Lisa Thomas Laury, Iconic Philadelphia Anchor Woman and News Pioneer
Lisa Thomas-Laury is a retired news anchor in Philadelphia.
She began working at WPVI-TV, Channel 6, the city’s ABC affiliate, as a reporter and co-anchor of Action News in 1978 at the age of 24. She covered the stories of everyday people around the region, as well as numerous political figures, from Massachusetts Senator Ted Kennedy to President Ronald Reagan and the inauguration of President Bill Clinton.
In 1981, she received high praise for her reports from London on Prince Charles and Lady Diana’s wedding. However, the stories she loves to tell the most are those of average people with unique experiences, and those who overcome major obstacles in their lives.
In 2001, Thomas-Laury began facing her own significant life challenge. She was struck with a rare nerve disorder that remained misdiagnosed for nearly two years. She left WPVI temporarily when her disease paralyzed one of her vocal cords. She underwent a bone marrow transplant at the Mayo Clinic in Rochester, Minnesota, in 2004, and returned to Channel 6 two and a half years later.
Thomas-Laury has received three honorary doctorate degrees and numerous other awards, including an Emmy for a public affairs documentary on Philadelphia neighborhoods in the 1980s and the city’s most prestigious accolade, the Liberty Bell Award. She retired in May 2016 after a second bone-marrow transplant, having spent nearly four decades with WPVI-TV.
City Councilwoman Cherelle Parker (D-District 9)
Councilwoman Cherelle L. Parker proudly serves the Ninth Council District in the City of Philadelphia. This region spans throughout northwest and northeast Philadelphia communities that include Mt. Airy, West Oak Lane, East Oak Lane, Olney, Lawncrest, Lawndale, Burholme and Oxford Circle.
Prior to her election in November 2015, Parker served as the state representative for the 200th Legislative District in the Pennsylvania House of Representatives for 10 years, making history by becoming the youngest African-American woman ever elected. As state representative, she earned a reputation for being one of the most effective, politically-savvy and proactive legislators in the region.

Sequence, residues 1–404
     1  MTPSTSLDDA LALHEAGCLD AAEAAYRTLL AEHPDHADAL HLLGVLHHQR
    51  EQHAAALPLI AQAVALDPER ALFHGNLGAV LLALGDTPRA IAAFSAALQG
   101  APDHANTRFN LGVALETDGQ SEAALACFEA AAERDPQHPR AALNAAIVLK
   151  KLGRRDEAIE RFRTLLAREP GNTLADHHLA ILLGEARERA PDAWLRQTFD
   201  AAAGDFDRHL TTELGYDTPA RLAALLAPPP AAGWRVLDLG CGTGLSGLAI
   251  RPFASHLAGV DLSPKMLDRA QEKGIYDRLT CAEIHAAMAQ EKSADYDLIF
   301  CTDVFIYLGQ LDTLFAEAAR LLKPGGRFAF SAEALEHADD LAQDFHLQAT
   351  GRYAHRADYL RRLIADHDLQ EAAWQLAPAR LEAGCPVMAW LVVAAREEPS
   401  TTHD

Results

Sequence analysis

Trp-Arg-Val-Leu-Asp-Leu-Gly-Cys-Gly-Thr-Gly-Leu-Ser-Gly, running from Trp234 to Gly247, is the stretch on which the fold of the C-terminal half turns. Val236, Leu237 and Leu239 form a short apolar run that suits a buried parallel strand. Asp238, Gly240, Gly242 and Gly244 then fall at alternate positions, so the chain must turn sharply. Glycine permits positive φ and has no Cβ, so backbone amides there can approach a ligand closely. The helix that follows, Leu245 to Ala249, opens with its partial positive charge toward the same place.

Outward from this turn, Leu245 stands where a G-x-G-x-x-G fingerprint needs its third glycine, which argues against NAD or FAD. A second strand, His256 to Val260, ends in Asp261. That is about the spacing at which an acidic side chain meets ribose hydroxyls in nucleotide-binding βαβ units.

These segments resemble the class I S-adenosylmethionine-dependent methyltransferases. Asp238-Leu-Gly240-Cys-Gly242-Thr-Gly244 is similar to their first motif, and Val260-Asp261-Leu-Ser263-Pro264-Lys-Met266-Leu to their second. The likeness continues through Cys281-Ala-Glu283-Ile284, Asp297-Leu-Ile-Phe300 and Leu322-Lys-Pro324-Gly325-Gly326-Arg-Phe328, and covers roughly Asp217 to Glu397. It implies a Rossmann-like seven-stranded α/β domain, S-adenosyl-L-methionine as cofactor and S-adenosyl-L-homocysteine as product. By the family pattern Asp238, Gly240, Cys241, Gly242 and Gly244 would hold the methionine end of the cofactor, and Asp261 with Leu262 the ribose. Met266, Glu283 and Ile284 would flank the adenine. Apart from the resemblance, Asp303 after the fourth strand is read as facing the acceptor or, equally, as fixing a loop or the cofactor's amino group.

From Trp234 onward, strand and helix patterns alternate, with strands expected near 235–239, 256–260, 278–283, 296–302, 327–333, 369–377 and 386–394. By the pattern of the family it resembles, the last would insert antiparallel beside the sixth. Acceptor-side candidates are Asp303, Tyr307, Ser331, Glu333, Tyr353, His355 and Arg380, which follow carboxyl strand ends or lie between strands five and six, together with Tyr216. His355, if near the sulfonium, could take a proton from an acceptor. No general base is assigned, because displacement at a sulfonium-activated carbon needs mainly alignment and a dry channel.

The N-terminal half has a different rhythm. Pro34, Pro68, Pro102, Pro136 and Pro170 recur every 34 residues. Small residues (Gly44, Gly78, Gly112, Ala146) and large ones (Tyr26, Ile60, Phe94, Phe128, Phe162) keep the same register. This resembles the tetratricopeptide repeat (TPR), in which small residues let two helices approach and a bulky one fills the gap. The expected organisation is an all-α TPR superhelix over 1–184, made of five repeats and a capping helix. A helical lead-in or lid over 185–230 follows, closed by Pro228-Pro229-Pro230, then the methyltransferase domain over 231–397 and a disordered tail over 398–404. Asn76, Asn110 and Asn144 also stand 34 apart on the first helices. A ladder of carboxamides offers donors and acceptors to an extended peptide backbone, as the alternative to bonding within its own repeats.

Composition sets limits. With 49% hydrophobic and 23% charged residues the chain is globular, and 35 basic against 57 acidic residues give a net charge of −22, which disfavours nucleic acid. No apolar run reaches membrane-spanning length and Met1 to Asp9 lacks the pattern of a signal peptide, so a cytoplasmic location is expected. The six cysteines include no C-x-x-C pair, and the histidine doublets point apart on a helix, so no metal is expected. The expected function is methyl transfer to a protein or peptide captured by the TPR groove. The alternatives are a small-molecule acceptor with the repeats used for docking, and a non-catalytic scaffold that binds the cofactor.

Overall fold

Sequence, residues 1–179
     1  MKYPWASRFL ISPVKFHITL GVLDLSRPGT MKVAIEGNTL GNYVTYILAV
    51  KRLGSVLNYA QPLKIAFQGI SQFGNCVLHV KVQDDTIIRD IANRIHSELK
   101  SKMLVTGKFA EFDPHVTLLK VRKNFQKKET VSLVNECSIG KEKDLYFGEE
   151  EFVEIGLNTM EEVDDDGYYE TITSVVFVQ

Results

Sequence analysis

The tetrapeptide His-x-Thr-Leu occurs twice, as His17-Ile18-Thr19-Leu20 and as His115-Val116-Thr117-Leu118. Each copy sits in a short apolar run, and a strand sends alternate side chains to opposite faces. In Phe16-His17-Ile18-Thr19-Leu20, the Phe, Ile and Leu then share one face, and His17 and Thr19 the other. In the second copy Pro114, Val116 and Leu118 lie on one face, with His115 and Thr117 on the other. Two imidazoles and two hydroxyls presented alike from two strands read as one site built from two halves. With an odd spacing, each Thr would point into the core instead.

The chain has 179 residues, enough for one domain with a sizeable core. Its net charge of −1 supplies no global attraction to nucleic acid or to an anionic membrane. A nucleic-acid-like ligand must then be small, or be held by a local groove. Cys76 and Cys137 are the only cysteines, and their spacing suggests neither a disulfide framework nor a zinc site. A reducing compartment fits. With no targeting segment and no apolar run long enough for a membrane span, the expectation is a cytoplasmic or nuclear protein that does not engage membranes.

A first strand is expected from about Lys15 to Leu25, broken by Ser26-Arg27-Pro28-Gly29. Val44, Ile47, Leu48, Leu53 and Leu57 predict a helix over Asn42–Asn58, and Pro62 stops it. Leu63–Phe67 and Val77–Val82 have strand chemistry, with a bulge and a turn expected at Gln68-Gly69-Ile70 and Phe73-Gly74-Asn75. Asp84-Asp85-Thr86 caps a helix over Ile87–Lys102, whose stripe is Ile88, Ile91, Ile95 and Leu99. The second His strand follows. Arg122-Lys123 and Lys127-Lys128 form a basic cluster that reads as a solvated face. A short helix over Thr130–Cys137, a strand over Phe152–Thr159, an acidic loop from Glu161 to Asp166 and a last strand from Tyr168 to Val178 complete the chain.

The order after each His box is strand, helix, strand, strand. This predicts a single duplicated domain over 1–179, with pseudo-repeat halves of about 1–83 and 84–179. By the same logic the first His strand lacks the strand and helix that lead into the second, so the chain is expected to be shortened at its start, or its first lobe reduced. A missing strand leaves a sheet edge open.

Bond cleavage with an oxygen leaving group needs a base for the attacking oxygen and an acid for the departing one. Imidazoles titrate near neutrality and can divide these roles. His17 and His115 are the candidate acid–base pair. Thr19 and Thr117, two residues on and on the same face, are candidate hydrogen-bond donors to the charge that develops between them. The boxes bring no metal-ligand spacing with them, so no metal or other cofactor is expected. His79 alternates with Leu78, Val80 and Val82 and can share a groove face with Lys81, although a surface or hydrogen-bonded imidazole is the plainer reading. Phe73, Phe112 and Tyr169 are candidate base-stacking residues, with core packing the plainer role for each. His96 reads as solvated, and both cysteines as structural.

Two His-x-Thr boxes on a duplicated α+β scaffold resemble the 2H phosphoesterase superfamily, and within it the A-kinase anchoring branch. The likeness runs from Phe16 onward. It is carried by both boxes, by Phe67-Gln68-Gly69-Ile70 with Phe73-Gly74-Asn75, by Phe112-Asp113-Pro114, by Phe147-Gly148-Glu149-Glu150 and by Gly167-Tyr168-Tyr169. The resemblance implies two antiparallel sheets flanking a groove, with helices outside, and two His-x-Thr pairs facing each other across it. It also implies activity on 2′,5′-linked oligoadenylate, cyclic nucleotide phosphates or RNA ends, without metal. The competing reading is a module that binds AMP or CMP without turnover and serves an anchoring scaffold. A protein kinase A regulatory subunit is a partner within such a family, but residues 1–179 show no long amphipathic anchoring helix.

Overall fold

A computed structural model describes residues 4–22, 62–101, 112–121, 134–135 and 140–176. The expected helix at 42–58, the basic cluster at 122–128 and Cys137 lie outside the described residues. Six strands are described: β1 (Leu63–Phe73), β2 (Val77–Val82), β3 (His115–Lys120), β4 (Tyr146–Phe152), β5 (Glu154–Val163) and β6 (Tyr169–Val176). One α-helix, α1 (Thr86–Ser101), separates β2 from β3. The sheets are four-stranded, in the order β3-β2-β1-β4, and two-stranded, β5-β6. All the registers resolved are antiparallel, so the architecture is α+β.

During her tenure in the Pennsylvania house, Parker served on the powerful House Appropriations Committee, as well as the Labor and Industry, Professional Licensure, Rules, and Transportation committees. Additionally, she was twice elected by her Philadelphia colleagues to serve as Chair of the House’s Philadelphia delegation. In 2013, she was also appointed vice chair/Democratic chair of the House Committee on School Safety.
Widely recognized for her strong organizational, strategic planning and oratorical skills, Parker championed several key pieces of legislation, amendments and policy initiatives including, but not limited to:
The Philadelphia Tax Fairness Package, Act 89 of 2013 – The Commonwealth’s historic Transportation Bill, Local $2 per pack cigarette tax implemented to generate additional recurring revenue for the School District of Philadelphia during a period a gross under-funding and Act 75 of 2012, which strengthened victims’ rights by permitting expert testimony in cases of sexual assault.
As a state representative, Parker also fought vigorously to safeguard Philadelphia’s Paid Sick Leave ordinance, to ensure that school district resources were used in the classroom, to provide our students with access to high-quality resources, and to preserve the city’s ability to enact local public safety ordinances in efforts to prohibit access to and use of illegal guns.
Additionally, Parker is vice chair of Council’s Committee on Commerce and Economic Development, and serves as a member of the committees on Rules, Appropriations, Parks, Recreation and Cultural Affairs, Transportation and Public Utilities, Education, Housing, Neighborhood Development and the Homeless, Environment, Disabled and Persons with Special Needs, Global Opportunities and the Creative Economy, Aging, and Children and Youth.
Parker is also a member of several service-oriented organizations, boards and commissions, working to improve the community at-large. Moreover, as an Eisenhower Fellow in 2010, Parker joined the Women in Leadership program to study the role of women in government in South America. In August 2016, she was named as one of 25 women across the United States selected to join the 2017 class of the prestigious “Women in Government Leadership Program” sponsored by the Governing Institute.
Parker is a graduate of both the University of Pennsylvania and Lincoln University, where she earned Master of public administration and Bachelor of Science in English Education degrees, respectively. She is also a wife and mother residing in Mt. Airy. Parker enjoys reading, traveling, cooking and spending time with family and friends during her leisure.